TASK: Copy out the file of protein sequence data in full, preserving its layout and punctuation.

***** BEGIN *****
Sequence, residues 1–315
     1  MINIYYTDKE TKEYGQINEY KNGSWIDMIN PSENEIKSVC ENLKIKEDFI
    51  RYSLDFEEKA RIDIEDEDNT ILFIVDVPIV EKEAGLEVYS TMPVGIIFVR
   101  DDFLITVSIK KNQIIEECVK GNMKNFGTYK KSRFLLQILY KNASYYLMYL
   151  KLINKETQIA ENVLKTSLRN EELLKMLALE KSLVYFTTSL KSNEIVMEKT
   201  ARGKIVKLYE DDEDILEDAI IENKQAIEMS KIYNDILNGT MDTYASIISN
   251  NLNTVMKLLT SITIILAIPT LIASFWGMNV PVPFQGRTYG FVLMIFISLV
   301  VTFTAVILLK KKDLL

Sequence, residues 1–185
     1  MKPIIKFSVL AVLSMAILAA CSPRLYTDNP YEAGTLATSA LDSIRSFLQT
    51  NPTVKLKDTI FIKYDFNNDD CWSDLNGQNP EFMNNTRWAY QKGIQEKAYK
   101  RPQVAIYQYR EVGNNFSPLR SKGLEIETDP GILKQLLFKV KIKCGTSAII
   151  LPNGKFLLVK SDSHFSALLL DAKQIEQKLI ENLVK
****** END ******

Sequence, residues 1–315
     1  MINIYYTDKE TKEYGQINEY KNGSWIDMIN PSENEIKSVC ENLKIKEDFI
    51  RYSLDFEEKA RIDIEDEDNT ILFIVDVPIV EKEAGLEVYS TMPVGIIFVR
   101  DDFLITVSIK KNQIIEECVK GNMKNFGTYK KSRFLLQILY KNASYYLMYL
   151  KLINKETQIA ENVLKTSLRN EELLKMLALE KSLVYFTTSL KSNEIVMEKT
   201  ARGKIVKLYE DDEDILEDAI IENKQAIEMS KIYNDILNGT MDTYASIISN
   251  NLNTVMKLLT SITIILAIPT LIASFWGMNV PVPFQGRTYG FVLMIFISLV
   301  VTFTAVILLK KKDLL

Sequence, residues 1–185
     1  MKPIIKFSVL AVLSMAILAA CSPRLYTDNP YEAGTLATSA LDSIRSFLQT
    51  NPTVKLKDTI FIKYDFNNDD CWSDLNGQNP EFMNNTRWAY QKGIQEKAYK
   101  RPQVAIYQYR EVGNNFSPLR SKGLEIETDP GILKQLLFKV KIKCGTSAII
   151  LPNGKFLLVK SDSHFSALLL DAKQIEQKLI ENLVK